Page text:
Gloucestershire cheese rolling: Thousands attend world-famous event

  • Ulani Seaman speaks to cheese rolling fanatics at this year's event.

Thousands of people have descended on Cooper's Hill near Gloucester for the annual cheese rolling championships.

Competitors slid, tumbled and rolled down the incline of one of the South West's steepest hills on Monday 27 May in chase of a 7lb wheel of Double Gloucester.

The world-famous event, which is now unofficial following safety concerns, attracts people from all over the world.

One woman, who had travelled from Virgina, USA said: "My mum came 30 years ago- they knew about it then and I've been wanting to come ever since."

Another from Kentucky added: "It was just as crazy as it looked on YouTube."

Taking part in the men's race was rapper and YouTuber, Speed, who has a following of more than 24 million.

He told ITV West Country: "It don't have to have meaning, it's just cheese and I'm here to win a cheese. I'm scared, I'm nervous, but I'm going for it, I don't care."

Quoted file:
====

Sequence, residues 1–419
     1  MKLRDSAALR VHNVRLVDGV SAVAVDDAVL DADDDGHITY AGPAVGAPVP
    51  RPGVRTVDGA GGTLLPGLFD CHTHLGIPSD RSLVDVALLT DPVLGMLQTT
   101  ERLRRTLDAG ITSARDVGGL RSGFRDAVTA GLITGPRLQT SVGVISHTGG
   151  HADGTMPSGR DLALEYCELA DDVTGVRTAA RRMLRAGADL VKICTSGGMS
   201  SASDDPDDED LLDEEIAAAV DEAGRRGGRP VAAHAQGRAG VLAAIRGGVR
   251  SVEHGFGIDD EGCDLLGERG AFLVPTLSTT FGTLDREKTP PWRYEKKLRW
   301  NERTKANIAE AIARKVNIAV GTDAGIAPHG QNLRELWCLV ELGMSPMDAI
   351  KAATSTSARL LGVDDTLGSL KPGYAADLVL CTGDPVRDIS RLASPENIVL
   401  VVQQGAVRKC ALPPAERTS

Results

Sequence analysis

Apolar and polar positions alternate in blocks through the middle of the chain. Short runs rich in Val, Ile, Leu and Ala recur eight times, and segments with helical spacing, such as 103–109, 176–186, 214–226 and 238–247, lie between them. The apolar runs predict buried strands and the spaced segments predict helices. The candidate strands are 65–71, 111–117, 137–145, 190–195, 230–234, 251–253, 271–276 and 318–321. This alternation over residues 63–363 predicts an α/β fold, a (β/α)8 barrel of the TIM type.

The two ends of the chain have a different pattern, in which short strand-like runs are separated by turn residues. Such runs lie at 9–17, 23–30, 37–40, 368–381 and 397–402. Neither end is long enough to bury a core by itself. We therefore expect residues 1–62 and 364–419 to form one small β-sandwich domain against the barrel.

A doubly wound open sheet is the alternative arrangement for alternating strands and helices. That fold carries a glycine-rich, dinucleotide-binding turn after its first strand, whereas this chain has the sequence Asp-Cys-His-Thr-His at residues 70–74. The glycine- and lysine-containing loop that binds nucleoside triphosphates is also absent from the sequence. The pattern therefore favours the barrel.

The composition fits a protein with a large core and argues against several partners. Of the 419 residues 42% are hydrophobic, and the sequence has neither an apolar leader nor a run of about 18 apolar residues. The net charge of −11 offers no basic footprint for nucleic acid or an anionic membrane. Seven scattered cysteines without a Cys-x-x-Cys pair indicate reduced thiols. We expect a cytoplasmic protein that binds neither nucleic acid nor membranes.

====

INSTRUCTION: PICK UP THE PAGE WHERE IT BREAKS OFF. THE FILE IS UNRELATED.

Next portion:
Tom Kopke, 22, from Munich took the mens title.

"I don't like this cheese, but I promised my Grandma she could have it," Tom said, holding the cheese in the air after his victory.

He added: "It's great, it feels great. I'm not hurt- I hope nobody's hurt- I don't really remember anything to be honest.

"You just start running and then the adrenaline takes over- you just go head first."

Taking the women's title was 23-year-old Abbey Lampe, from North Carolina, who also won the cheese in 2022.

At the bottom of the hill, she said: "I feel great- I was looking around to see if anyone beat me.

"I've still got all my teeth- I wore my mouthguard this time."

Others didn't take the competition quite so seriously. In the men's second race, a man dressed as a gorilla said: "It's extra padding.

"I was thinking of my shopping list. I said 'this is happening, I might as well get into a flow state.'"

Volunteers involved say the event will happen either way, so they're glad to have their hand in making it that little bit safer.

Organiser Kyla Hill said: "It'll go ahead whatever, so as someone local, it's my job to make sure it all goes smoothly.

"My biggest fear is injuries, people getting hurt. But you know, we've introduced the medical tent, fencing, it's little things like that.

"It's totally unofficial, everyone is here at their own peril."

There were no serious injuries reported at the 2024 event.